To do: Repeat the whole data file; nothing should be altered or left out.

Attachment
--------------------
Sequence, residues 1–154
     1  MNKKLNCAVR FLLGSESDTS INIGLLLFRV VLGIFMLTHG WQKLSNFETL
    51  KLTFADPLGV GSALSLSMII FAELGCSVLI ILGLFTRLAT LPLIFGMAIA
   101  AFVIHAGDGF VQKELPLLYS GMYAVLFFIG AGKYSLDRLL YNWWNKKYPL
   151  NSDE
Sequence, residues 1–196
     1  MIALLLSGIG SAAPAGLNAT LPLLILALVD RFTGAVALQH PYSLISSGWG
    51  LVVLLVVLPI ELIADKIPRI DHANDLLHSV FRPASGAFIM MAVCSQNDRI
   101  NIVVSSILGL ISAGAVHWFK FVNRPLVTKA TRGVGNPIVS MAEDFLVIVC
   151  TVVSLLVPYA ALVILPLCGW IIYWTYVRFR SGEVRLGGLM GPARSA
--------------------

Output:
Sequence, residues 1–154
     1  MNKKLNCAVR FLLGSESDTS INIGLLLFRV VLGIFMLTHG WQKLSNFETL
    51  KLTFADPLGV GSALSLSMII FAELGCSVLI ILGLFTRLAT LPLIFGMAIA
   101  AFVIHAGDGF VQKELPLLYS GMYAVLFFIG AGKYSLDRLL YNWWNKKYPL
   151  NSDE
Sequence, residues 1–196
     1  MIALLLSGIG SAAPAGLNAT LPLLILALVD RFTGAVALQH PYSLISSGWG
    51  LVVLLVVLPI ELIADKIPRI DHANDLLHSV FRPASGAFIM MAVCSQNDRI
   101  NIVVSSILGL ISAGAVHWFK FVNRPLVTKA TRGVGNPIVS MAEDFLVIVC
   151  TVVSLLVPYA ALVILPLCGW IIYWTYVRFR SGEVRLGGLM GPARSA